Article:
Have you ever called an “emergency family meeting?” Did you gather in a circle around the kitchen table? Or huddle together on the couch? What prompted that meeting? Chances are it was a less than desirable circumstance or conflict. Perhaps it was a broken curfew, academic struggles, or a disrespectful outburst. Family challenges often prompt us to gather up, get talking, and fix problems.
What if your children associated “family meetings” or circles with honest, connected, nurturing communication, though? Not just problems!
As a Child-Centered Coach for Teens and Parents, I teach restorative circles to families with school-aged children. This powerful, co-created system for family-community-building and conflict management provides families with powerful, timeless, and healing tools.
Because family systems are constantly changing as the humans grow and evolve, this go-to system protects and supports family conversation, creates a strong foundation of trust, and encourages authentic connection. Using this method, you and you family will build positive associations with sitting in circles and talking about a wide range of family-based topics. Rather than expecting a lecture or a consequence during the “meeting,” your children and teens will experience “circles” as the rich soil from which the family cultivates love and understanding.
Restorative circles invite both parents and children of all ages to co-create the family environment and relationships together. It’s up to you, as the parent, to lead your family, yes, but this doesn’t mean you do it alone or without support. As you share the power of building your life together with your children, pressure and weight can be lifted. You don’t have to manage everything on your own. Likewise, as your children become more empowered, they engage in and create family dynamics with greater intention and investment. It’s a win-win, both in the short and long term.
“The fundamental unifying hypothesis of restorative practices is disarmingly simple: that human beings are happier, more cooperative and productive, and more likely to make positive changes in their behavior when those in positions of authority do things with them, rather than to them or for them.”
Peacemaking circles and restorative practices have roots in Native and indigenous cultures. This idea of gathering face to face is not new. However, being open to the wisdom of our ancestors and of the process of circling takes intention. We have different distractions, interruptions, and challenges in our lives; thus, it takes attention and purposeful action to create a strong foundation of community within the family unit.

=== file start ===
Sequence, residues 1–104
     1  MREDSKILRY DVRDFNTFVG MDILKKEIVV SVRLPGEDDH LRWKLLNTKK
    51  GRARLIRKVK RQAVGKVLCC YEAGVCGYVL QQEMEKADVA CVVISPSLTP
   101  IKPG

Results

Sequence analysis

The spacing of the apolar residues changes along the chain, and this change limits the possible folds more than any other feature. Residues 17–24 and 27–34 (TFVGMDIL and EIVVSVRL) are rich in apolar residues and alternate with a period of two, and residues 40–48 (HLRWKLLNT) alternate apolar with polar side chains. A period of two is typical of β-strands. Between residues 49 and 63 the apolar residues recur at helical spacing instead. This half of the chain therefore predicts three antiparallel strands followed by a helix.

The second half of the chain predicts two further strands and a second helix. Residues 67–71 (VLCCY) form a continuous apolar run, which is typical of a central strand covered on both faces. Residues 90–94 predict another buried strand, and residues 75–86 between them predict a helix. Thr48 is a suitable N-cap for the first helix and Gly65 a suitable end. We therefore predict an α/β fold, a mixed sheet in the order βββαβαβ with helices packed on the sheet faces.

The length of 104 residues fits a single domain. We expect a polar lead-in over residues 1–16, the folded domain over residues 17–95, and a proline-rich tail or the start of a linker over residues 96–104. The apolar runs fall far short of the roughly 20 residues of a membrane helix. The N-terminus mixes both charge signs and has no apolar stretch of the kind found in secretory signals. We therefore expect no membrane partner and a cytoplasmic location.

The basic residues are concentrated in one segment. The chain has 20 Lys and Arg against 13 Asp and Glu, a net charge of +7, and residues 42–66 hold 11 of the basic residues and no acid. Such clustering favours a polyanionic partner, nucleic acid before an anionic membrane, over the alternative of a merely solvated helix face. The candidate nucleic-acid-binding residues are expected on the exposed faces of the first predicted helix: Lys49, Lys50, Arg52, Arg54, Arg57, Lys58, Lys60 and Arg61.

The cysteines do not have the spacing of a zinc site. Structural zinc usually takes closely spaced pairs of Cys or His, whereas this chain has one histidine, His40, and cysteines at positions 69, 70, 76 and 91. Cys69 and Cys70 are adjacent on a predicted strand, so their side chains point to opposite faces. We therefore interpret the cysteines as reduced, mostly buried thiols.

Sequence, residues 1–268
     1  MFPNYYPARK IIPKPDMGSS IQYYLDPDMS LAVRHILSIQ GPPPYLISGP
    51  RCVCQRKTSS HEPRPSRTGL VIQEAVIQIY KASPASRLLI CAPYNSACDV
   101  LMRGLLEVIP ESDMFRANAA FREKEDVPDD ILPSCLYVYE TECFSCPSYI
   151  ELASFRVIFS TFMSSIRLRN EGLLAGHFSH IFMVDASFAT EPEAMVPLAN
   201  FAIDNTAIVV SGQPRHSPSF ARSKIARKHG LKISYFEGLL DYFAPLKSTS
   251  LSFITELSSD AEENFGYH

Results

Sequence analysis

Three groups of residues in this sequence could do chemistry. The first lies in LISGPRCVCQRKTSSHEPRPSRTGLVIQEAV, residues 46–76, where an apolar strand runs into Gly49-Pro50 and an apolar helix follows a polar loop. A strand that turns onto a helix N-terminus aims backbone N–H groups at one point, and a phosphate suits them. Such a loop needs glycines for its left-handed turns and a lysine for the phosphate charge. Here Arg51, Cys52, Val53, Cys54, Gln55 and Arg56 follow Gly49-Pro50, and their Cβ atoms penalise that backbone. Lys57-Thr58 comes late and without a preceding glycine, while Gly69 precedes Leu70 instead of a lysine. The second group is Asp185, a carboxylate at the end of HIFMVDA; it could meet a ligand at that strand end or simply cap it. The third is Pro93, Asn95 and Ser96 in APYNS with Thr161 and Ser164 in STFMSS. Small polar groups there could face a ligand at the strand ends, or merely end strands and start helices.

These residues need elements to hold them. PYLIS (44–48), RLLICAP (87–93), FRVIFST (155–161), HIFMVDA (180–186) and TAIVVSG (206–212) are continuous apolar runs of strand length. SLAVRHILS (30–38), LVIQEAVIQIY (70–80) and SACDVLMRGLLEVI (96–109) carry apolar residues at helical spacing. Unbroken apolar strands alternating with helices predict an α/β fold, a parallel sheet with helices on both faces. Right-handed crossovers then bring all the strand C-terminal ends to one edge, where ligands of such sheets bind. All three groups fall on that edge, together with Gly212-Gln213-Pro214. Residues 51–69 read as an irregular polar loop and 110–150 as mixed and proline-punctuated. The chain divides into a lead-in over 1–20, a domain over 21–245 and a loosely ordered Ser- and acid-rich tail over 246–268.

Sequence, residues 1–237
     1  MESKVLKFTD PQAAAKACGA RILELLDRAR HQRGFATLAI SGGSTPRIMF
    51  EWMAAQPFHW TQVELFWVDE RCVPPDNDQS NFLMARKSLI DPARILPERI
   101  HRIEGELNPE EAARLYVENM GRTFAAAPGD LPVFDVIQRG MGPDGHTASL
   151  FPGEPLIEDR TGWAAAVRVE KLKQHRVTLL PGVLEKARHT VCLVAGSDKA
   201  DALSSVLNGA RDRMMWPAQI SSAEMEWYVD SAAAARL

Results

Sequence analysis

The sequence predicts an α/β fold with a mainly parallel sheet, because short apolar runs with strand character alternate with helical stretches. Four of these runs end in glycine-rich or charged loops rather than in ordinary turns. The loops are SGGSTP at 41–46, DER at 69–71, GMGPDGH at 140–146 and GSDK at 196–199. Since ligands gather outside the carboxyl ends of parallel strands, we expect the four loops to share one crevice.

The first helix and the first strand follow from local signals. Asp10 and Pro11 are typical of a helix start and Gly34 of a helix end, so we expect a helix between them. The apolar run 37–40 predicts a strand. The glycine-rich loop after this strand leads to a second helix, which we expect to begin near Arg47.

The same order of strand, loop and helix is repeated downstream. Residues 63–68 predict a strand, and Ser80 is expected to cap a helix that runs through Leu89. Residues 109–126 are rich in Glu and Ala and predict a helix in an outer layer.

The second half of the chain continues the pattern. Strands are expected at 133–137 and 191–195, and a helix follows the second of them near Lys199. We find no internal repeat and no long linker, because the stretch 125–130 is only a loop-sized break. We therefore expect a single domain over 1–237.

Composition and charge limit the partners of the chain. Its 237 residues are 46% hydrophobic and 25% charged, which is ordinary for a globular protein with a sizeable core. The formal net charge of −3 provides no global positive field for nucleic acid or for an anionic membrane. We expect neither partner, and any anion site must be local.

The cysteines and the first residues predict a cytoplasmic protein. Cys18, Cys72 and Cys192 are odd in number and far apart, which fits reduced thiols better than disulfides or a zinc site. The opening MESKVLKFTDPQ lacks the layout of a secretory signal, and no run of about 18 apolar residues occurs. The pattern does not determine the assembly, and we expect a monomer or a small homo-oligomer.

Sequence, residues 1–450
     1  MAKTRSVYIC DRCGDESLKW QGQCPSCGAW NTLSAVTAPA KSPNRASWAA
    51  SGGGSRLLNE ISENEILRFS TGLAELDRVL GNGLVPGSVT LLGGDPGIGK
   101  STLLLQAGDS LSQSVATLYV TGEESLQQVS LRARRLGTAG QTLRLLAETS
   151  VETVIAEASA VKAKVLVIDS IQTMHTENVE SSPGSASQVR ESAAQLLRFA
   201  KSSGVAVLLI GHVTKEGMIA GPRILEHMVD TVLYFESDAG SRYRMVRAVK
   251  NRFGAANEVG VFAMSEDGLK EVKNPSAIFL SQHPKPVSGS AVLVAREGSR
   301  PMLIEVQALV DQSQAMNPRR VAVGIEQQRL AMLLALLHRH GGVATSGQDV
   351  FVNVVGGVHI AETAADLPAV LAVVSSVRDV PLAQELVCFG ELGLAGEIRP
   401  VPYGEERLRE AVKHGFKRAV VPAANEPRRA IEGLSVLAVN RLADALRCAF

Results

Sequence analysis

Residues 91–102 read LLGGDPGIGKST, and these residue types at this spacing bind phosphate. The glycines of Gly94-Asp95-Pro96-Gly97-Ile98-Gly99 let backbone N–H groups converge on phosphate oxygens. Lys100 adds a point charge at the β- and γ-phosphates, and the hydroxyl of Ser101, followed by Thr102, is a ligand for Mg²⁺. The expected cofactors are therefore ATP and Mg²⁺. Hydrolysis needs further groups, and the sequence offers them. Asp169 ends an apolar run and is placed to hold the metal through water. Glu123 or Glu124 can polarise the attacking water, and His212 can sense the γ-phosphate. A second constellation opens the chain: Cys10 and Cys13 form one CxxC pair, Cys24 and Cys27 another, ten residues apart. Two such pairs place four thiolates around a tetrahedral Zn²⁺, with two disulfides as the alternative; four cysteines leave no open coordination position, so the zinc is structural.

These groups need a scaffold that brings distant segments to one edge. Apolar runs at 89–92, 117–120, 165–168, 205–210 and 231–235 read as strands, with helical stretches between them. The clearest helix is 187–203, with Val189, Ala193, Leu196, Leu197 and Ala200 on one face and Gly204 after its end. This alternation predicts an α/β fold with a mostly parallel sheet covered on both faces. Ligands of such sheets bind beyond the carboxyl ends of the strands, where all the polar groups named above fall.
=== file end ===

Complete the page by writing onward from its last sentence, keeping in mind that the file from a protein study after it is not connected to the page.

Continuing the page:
Restorative circles offer families a framework for having open communication and bonding opportunities. If you commit, as a family, to having a weekly Family Building Circles, coming to circle in moments of conflict or difference will feel much more comfortable. Here, I offer you the core elements of Family Building Circles, along with the philosophy behind each aspect.
Core Elements Circle + The Philosophy of the Circle:
Circle- Circles have no end and no beginning. Each person’s seat place in the circle is equal to the next person’s and you can make eye contact with everyone in the circle. All members of the family circle sit at the same level, either floor or chair. This is symbolic of shared and equal power. The circle itself indicates that all family members are worthy of the same respect; each member has the freedom and space to express themselves. “Circle” is also the name of the process of having an organized dialogue while sitting in circle.
Talking Piece- An object that can be safely and easily passed is the talking piece. It indicates that only one person will talk at a time; likewise, it denotes that all other members will actively listen when they don’t have the talking piece. The talking piece will always travel the circle in order, even if a member chooses to skip a round, which encourages focus, patience, and turn-taking. Talking pieces can be created or selected to watch the topic of each individual circle or they might be an item that the family relates to and holds dear.
Rounds– This is one pass around the circle in order. Family building circles are often pre-planned and focus on a single topic. A series of questions guide the family through intentional conversation and sharing. The talking piece regulates the round, giving each member equal opportunity to speak and be heard.
Values- What guides you and helps inform your thoughts, feelings, and behaviors? What is most important to you? What do you hold dear? Family members name their values as a guide for how you will treat one another during the circle process (and moving forward from the circle). Values also establish safety norms for the conversation and the relationships.
Facilitator- All members of the family participate equally; however, one member may be the facilitator of a particular circle. The facilitator reads each prompt and helps ensure that circle norms are being respected. Facilitation is an opportunity for children to be leaders in their family.
As you begin using circles often with the intention of building family community, you will experience a growth in trust, communication, and openness. Then, when conflict arises, you already have a system and connected emotional history for dialoguing about how to transform and repair the hurt.
E-mail Courtney for a FREE template and model for a family building circle to get started!